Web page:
Large conductance Ca(2+)-activated K+ channels are involved in both spike shaping and firing regulation in Helix neurones

J Physiol. 1993 Jun;465:265-87. doi: 10.1113/jphysiol.1993.sp019676.


1. The role of BK-type calcium-dependent K+ channels (K+Ca) in cell firing regulation was evaluated by performing whole-cell voltage clamp and patch clamp experiments on the U cell neurones in the snail Helix pomatia. These cells were selected because most of the repolarizing K+ current flowed through K+Ca channels. 2. U cells generated overshooting Ca(2+)-dependent spikes in Na(+)-free saline. In response to prolonged depolarizing current, they fired a limited number of spikes of decreasing amplitude, and behaved like fast-adapting or phasic neurones. 3. Under voltage clamp conditions, the K+Ca current had a slow onset at voltages that induced small Ca2+ entries. By manipulating the Ca2+ entry (either with appropriate voltage programmes or by changing the Ca2+ content of the bath), the K+Ca channel opening was found to be rate limited by the Ca2+ binding step and not by the voltage-dependent conformational change to the open state. 4. Despite the slow activation rate observed in voltage-clamped cells, 25-30% of the available K+Ca current was found to be active during isolated spikes. These data were based on patch clamp, spike-like voltage clamp and hybrid current clamp-voltage clamp experiments. 5. The fact that spikes led the slowly rising K+Ca current to shift into a fast activating mode was accounted for by the large surge of Ca2+ current concomitant with spike upstroke. The early calcium surge resulted in local increases in cytosolic calcium, which speeded up the binding of calcium ions to the closed K+Ca channels. From changes in the null Ca2+ current voltage, it was calculated that the submembrane [Ca2+]i increase to 50-80 microM during the spike. 6. Due to their fast voltage dependence, K+Ca channels appeared to play no role in shaping the interspike trajectory. 7. Even in the fast activating mode, the K+Ca current had a finite rate of rise and was not involved in repolarizing short duration Na(+-dependent action potentials. The current became more and more active, however, when voltage-gated K+ channels were progressively inactivated during firing. 8. The fast adaptation exhibited by U cells upon sustained depolarization was not paralleled by a recruitment of K+Ca channels because of the cumulative Ca2+ entries. During a spike burst, the K+Ca current progressively overlapped the depolarizing Ca2+ current, which ultimately stopped the firing. The early opening of K+Ca channels was ascribed to residual Ca2+ accumulation that kept part of the channels in the Ca(2+)-bound state ready to be opened quickly by cell depolarization.(ABSTRACT TRUNCATED AT 400 WORDS)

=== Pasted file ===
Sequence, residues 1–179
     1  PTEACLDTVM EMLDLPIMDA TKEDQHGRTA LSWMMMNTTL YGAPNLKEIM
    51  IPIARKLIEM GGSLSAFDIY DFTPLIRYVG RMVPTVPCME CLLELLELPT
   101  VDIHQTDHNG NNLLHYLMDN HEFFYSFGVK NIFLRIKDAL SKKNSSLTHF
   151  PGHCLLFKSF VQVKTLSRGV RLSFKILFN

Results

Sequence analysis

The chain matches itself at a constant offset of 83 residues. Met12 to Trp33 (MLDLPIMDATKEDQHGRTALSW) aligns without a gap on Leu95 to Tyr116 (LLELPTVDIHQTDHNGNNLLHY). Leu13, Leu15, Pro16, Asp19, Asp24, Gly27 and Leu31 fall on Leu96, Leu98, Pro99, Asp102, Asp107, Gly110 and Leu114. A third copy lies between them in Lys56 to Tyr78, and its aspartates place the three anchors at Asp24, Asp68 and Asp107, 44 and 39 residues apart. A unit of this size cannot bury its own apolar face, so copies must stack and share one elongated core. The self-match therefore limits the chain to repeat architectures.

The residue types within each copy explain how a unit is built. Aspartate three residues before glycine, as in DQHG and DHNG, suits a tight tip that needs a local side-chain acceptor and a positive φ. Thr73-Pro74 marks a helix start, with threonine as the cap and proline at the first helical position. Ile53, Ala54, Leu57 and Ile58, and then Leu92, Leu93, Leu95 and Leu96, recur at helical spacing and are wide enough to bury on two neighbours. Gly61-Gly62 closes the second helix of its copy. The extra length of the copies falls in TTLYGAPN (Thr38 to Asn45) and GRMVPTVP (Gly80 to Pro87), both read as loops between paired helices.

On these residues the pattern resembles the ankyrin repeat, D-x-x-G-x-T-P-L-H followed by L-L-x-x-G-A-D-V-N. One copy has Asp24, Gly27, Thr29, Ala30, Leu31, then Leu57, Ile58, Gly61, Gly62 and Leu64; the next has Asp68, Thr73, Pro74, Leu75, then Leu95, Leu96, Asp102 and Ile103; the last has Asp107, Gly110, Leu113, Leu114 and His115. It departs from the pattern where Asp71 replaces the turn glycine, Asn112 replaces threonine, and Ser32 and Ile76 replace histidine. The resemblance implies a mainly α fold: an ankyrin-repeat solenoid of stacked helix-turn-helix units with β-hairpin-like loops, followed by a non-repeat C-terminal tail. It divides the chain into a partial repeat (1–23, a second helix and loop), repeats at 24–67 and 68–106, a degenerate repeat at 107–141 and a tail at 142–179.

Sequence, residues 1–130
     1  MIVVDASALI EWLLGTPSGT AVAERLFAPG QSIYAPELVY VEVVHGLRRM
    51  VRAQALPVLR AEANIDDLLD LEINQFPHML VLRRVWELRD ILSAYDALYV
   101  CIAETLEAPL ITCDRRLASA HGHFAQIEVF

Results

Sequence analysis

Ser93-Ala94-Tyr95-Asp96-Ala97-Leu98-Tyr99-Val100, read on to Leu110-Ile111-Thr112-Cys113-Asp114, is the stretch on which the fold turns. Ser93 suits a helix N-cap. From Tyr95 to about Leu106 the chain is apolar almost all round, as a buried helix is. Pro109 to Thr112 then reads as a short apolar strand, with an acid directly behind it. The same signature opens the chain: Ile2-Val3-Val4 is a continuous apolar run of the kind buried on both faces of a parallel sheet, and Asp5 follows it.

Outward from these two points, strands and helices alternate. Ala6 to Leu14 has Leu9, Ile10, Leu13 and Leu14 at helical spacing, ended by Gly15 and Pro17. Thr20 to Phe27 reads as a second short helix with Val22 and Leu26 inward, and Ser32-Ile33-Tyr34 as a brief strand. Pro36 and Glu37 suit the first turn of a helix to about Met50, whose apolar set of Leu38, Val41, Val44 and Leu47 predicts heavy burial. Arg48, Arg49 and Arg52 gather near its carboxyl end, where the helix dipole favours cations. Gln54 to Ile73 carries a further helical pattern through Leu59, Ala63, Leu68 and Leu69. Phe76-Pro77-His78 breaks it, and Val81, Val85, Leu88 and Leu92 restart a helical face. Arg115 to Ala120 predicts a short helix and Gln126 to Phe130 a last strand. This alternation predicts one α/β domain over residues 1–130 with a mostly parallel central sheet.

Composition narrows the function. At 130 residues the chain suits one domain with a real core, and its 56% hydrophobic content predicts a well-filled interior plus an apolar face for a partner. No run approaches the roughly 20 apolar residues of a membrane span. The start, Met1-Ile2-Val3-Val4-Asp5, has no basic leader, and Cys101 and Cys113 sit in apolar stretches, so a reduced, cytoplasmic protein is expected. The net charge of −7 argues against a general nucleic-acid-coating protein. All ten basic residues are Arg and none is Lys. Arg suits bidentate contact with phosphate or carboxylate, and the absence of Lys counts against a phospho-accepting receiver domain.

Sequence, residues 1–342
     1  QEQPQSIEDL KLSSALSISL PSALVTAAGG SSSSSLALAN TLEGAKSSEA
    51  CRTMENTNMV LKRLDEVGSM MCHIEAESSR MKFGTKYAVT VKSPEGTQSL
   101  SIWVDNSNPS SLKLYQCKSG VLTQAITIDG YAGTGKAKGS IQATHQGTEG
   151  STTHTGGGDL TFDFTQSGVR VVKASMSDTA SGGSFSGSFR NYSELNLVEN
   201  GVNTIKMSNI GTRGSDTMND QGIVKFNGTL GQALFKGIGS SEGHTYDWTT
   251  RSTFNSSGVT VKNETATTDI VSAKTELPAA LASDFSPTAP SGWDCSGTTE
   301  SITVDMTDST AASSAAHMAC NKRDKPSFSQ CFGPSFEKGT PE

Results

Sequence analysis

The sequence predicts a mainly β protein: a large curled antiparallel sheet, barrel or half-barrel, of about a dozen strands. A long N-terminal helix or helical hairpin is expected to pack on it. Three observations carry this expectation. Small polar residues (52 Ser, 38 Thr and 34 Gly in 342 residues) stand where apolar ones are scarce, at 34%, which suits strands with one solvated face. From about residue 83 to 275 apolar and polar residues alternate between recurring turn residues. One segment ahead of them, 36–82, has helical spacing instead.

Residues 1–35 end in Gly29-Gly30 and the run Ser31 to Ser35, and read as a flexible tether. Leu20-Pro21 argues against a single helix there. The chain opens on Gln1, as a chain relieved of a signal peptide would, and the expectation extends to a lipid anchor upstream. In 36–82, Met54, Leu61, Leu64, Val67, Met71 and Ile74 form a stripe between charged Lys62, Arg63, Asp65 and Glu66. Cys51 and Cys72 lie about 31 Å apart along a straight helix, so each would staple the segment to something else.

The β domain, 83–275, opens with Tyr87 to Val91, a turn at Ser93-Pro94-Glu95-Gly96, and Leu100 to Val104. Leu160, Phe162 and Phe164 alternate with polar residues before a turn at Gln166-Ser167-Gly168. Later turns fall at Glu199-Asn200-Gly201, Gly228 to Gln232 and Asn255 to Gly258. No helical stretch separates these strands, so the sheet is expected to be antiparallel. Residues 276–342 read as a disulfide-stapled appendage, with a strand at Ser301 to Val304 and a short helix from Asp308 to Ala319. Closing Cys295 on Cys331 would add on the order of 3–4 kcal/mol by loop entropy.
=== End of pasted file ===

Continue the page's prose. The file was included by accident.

Publication types

  • Research Support, Non-U.S. Gov't

MeSH terms

  • Action Potentials / drug effects
  • Action Potentials / physiology
  • Animals
  • Calcium / physiology*
  • Calcium Channel Blockers / pharmacology
  • Cytosol / metabolism
  • Electrophysiology
  • Ganglia, Invertebrate / cytology
  • Ganglia, Invertebrate / physiology
  • Helix, Snails / physiology*
  • In Vitro Techniques
  • Microelectrodes
  • Neurons / drug effects
  • Neurons / physiology*
  • Potassium Channels / drug effects
  • Potassium Channels / physiology*


  • Calcium Channel Blockers
  • Potassium Channels
  • Calcium